Chong - 26-Jul-15 @ 4:37 PM
Just watched this case on forensic files. interesting case so I Googled it haha
rrrrrrrr - 17-May-15 @ 10:08 AM
So technically John Taylor was sentenced to 4 life sentences What is the point of this?
jjjjjjjjjjjjjjjjjjjj - 5-May-15 @ 10:17 AM
I think this is an awesome case!!!!!!!!!!!!!!!!!!!!!!!!!!!!!!
jjjjjjjjjjjjjjjjjjjj - 5-May-15 @ 4:00 AM
@sundgun - if you do an online search you should be able to find more information on this case and the information you require regarding the arrest. I hope this helps.
ExploreForensics - 11-Feb-15 @ 1:48 PM
how was the arrest made?? please answer this question, i really need this for my assignment..
sundgun - 11-Feb-15 @ 2:10 AM
I thought that DNA is still traceable even when the person is dead. So, why wasn't the dog's DNA any use to the forensics team?
JohnDoe - 4-Feb-15 @ 9:17 PM
Science is the dope way to curb sophisticated criminals
LeRue Mukudzei - 12-Dec-14 @ 9:07 AM
@Eve they used the dog DNA to track the dog and by doing that it will lead it to the owner
jack - 3-Dec-14 @ 3:55 PM
What's the reason behind this murder? I want some more cases study if possible.
Esther - 3-Dec-14 @ 7:44 AM
Well done to the police and the experts who, using the instrments of their trade, they were able to tie the mans dog to the girl in the bag.
bernie - 3-Apr-14 @ 7:17 PM
I think the purpose of having the dogs' DNA identified was to match it to the suspects dog, if it was alive,this would act as collaborating evidence to show that indeed Leanne could have been linked to the suspect...
Dunford - 23-Feb-14 @ 9:28 AM
this case has to be one messed up case, mean she was christmas shopping and then kidnapped, with dog hair one her body.
Mn - 13-Jan-14 @ 4:39 PM
So she was gone for a year before she was found? Why didnt anybody look for her?
Chickieboo - 13-Jan-14 @ 4:38 PM
@Eve....Although the dog may not have killed the girl dog hairs still have DNA in them and can be matched to either the victims dog or the killers dog or another that either the victim or suspect may have come into contact with. It's honestly not irrelevant at all as it could have been used in the case if the killers dog had not of died. If the dog hairs that were found on the girl had been matched to the killers dog they would have been used in the case and another piece of direct evidence. -Mystic
Mystic - 22-Dec-13 @ 11:45 PM
Why would they do dog DNA tests? It's pretty obvious that the dog didn't kill her, so that would be irrelevant. Plus she was found in the woods, where probably lots of dogs wlk anyways.
Eve - 17-Sep-13 @ 7:23 PM
good thing that they got ahold of him.
kraz3e - 21-Apr-13 @ 8:27 PM
Share Your Story, Join the Discussion or Seek Advice...
(never shown)
(never shown)
(never shown)
(never shown)
Enter word:
Latest Comments
  • Bell
    Re: The Rate of Decay in a Corpse
    If a person chooses not to embalmed... -does there have to be a "closed "casket -imagine the body goes through all the stages…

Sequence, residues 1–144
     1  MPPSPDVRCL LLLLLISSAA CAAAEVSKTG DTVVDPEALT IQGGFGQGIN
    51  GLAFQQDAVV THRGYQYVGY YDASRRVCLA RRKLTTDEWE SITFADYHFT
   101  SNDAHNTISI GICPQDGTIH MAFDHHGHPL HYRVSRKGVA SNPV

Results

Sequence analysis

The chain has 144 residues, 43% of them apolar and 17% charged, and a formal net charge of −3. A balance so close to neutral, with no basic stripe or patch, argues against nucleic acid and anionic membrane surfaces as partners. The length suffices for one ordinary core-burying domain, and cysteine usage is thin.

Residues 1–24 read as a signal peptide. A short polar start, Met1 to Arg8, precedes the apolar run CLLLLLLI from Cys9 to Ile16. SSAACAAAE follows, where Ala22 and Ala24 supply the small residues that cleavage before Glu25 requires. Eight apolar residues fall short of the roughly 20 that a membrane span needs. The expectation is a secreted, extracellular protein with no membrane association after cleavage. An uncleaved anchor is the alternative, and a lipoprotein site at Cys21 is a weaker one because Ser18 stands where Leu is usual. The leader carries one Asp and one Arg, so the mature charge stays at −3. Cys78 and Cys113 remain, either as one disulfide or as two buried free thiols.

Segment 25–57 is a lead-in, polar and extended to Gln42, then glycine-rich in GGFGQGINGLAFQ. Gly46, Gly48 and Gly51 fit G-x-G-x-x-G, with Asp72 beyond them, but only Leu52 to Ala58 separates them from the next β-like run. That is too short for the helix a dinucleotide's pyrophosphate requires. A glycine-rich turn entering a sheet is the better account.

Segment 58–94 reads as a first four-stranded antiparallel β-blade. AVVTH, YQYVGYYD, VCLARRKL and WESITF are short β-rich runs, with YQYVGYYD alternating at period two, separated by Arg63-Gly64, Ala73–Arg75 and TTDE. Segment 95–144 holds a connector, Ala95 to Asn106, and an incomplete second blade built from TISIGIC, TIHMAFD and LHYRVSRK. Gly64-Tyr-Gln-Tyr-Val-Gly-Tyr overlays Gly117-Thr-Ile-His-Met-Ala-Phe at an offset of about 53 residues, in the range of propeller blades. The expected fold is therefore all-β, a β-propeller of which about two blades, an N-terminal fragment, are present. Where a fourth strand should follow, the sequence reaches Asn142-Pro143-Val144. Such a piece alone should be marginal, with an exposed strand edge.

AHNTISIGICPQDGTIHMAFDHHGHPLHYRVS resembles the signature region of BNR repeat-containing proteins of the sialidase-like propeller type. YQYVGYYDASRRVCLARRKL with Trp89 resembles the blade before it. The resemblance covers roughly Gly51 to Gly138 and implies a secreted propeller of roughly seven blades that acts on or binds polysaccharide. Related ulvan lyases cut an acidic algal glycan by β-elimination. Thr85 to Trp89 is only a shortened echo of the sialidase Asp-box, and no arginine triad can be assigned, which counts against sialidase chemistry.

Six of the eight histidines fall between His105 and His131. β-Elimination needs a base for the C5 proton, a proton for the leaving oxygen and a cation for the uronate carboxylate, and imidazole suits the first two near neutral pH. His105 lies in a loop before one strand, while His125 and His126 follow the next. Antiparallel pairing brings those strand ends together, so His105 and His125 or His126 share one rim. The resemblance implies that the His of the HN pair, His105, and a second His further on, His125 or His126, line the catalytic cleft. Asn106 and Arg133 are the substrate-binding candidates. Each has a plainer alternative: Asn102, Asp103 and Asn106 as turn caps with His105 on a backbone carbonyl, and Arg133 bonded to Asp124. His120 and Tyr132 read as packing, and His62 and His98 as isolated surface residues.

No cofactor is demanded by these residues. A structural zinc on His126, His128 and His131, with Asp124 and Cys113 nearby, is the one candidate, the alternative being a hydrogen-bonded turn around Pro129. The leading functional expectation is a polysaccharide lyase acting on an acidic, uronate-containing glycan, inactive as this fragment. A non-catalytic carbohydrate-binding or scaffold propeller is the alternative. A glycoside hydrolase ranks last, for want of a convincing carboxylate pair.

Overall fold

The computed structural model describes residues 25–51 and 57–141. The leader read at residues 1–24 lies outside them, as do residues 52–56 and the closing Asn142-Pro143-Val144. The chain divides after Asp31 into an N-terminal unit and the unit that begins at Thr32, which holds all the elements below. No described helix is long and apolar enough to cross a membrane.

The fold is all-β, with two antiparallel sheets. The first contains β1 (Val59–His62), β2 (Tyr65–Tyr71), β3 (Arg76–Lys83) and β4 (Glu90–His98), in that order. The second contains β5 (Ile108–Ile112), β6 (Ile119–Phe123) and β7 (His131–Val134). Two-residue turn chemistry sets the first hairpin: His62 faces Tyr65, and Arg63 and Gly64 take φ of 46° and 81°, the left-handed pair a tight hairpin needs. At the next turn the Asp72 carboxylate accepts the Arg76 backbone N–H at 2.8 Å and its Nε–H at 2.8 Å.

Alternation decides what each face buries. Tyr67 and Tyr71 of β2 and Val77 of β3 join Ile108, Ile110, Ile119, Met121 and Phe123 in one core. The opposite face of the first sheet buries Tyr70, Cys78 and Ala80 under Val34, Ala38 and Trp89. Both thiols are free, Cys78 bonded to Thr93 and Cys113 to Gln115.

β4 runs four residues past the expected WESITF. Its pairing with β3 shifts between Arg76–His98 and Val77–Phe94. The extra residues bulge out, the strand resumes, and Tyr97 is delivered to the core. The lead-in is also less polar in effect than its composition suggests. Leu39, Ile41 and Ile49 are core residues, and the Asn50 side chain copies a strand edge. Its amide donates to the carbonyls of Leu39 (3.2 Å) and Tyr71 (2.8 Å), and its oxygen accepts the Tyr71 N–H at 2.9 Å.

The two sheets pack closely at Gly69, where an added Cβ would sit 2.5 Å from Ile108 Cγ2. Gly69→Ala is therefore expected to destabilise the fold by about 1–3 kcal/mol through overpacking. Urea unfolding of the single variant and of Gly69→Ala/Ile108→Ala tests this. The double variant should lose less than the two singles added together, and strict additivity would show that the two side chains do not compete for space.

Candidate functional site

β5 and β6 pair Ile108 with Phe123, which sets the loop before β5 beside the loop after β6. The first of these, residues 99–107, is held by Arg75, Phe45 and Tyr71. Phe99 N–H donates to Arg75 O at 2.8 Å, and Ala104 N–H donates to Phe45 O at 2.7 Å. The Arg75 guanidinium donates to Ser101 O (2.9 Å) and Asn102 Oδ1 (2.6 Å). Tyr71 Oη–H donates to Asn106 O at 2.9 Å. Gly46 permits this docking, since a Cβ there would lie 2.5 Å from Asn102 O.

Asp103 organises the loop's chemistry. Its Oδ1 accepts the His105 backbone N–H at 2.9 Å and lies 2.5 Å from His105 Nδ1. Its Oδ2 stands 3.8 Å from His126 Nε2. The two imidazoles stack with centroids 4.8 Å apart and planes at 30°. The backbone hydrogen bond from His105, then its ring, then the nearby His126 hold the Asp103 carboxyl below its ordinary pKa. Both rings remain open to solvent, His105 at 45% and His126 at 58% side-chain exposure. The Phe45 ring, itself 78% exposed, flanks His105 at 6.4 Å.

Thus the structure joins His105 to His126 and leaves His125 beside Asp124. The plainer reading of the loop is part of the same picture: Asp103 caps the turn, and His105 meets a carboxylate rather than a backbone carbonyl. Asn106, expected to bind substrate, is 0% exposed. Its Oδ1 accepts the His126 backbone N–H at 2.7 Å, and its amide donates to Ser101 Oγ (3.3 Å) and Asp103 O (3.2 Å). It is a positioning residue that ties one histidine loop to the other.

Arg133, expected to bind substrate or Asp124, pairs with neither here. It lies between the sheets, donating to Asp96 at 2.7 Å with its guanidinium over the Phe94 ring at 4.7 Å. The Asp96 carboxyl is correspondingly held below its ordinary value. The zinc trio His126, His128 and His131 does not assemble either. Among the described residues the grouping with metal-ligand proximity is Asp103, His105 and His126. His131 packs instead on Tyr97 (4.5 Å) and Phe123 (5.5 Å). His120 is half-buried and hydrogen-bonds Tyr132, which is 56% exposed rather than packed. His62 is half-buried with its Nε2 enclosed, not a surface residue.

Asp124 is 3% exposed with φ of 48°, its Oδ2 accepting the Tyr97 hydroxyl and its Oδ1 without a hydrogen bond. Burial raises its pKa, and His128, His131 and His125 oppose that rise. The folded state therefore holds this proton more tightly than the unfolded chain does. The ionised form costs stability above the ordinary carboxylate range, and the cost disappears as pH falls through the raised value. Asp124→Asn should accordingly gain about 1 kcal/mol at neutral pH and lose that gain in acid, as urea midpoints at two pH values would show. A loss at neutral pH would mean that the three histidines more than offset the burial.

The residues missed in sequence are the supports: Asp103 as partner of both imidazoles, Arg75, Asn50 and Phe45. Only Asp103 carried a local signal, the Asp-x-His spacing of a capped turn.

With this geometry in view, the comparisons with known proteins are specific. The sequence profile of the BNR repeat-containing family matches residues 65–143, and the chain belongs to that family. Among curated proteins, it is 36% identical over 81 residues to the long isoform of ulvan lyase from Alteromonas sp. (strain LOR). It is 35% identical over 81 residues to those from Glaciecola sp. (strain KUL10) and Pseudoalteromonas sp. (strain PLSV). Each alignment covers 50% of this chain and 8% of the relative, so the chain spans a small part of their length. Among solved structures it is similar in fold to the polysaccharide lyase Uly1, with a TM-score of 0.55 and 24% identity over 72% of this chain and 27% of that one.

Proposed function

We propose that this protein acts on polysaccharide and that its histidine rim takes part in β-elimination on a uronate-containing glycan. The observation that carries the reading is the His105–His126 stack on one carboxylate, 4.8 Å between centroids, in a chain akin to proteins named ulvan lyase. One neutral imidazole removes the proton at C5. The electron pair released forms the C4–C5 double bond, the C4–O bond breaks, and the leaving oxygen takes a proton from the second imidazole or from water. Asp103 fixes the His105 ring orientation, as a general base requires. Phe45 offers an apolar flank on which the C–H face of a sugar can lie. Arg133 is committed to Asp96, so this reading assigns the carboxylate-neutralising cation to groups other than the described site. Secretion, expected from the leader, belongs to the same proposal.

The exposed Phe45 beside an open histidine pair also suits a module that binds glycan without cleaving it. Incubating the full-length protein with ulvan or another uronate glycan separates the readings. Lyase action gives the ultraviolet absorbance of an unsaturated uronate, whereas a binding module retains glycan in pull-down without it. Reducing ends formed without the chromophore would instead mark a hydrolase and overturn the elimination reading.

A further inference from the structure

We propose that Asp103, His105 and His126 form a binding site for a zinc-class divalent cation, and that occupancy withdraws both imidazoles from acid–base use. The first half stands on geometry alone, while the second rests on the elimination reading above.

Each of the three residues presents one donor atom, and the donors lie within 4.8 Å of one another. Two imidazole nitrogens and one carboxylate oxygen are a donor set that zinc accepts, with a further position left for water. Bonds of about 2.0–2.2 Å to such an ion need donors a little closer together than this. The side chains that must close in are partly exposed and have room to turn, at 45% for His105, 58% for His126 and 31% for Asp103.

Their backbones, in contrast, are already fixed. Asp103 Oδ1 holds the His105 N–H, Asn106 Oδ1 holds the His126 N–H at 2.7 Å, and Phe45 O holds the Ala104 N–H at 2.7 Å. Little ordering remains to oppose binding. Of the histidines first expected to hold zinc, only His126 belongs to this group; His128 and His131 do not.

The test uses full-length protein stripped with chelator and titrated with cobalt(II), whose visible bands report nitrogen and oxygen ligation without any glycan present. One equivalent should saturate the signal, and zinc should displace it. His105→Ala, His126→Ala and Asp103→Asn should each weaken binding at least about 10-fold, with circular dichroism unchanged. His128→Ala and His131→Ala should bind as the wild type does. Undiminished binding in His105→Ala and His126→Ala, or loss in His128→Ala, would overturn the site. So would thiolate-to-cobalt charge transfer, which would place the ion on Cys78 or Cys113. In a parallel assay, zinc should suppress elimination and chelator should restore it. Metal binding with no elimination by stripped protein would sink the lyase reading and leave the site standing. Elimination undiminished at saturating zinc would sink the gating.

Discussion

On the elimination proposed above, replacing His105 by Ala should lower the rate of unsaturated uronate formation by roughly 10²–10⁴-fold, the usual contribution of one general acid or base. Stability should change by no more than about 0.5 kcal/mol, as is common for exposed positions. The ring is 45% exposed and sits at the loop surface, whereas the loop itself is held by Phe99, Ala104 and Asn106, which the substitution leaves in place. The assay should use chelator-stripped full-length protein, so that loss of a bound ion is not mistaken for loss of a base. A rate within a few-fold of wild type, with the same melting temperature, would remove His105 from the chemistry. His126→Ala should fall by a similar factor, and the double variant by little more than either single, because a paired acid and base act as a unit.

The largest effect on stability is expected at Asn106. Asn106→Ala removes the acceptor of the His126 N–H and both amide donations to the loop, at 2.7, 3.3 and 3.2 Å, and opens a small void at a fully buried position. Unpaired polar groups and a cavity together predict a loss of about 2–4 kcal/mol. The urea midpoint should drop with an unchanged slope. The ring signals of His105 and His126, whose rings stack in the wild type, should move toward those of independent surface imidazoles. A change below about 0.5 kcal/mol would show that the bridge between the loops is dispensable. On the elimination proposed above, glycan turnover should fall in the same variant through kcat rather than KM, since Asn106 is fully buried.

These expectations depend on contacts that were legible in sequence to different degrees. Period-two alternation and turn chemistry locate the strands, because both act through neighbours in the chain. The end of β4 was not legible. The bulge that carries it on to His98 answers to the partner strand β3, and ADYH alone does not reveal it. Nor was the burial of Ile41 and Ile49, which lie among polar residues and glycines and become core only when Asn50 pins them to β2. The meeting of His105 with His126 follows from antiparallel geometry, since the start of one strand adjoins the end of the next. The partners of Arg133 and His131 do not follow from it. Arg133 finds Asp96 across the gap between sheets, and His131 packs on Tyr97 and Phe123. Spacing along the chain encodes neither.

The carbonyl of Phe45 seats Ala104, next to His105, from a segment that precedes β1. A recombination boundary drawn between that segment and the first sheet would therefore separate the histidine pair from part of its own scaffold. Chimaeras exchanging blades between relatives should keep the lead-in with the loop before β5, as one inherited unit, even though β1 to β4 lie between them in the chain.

30 November 2016
  • WBH
    Re: Estimating The Time of Death
    Apart from all those vital signs used to estimate the time of death, has anyone or any research done to identify a specific…
    30 November 2016
  • Mistytopaz
    Re: The Romanovs: Forensic Identification of the Tsar's Grave
    You know about a year ago I found these military pins from Russia and there is one gold star…
    29 November 2016
  • Rifleman
    Re: The Four Manners of Death
    My mother found out her husband of 10 yrs (my stepdad) was cheating on her and had been for quite sometime. She had stated many times…
    27 November 2016
  • Booboo ngoro
    Re: Rigor Mortis and Lividity
    This is very educative.I am researching on how processes in creation relate to christian faith.The Bible teaches us that God's…
    27 November 2016
  • Curiosity
    Re: The Rate of Decay in a Corpse
    Can postmortem report provide actual time of death ? Or this will be in range of hours? What is the standard deviation of PMI in…
    24 November 2016
  • Bob
    Re: The Rate of Decay in a Corpse
    Presently I am writing a murder mystery. Chapter Three centers on the torture and subsequent death of a mother and her daughter.…
    24 November 2016
  • Elo
    Re: Determining Cause of Death
    Wednesday November 16, 2016 My sister found her 2 year old baby suffocated with blanket found in baby's mouth, My sister is…
    23 November 2016
  • Cvd
    Re: Asphyxiation
    Hi I need urgent advice. My mom died in August 2016. She had Progressive Supranuclear Palsy. We drove from Bloemfontein to Cape Town as my grandmother…
    23 November 2016
  • Nimmy
    Re: Forensic Entomology
    I am writing an EPQ about forensic science, I am doing a section on Forensic entomology, if possible does any one know any reliable resource…
    23 November 2016
Further Reading...
Our Most Popular...
Add to my Yahoo!
Add to Google
Stumble this
Add to Twitter
Add To Facebook
RSS feed
You should seek independent professional advice before acting upon any information on the ExploreForensics website. Please read our Disclaimer.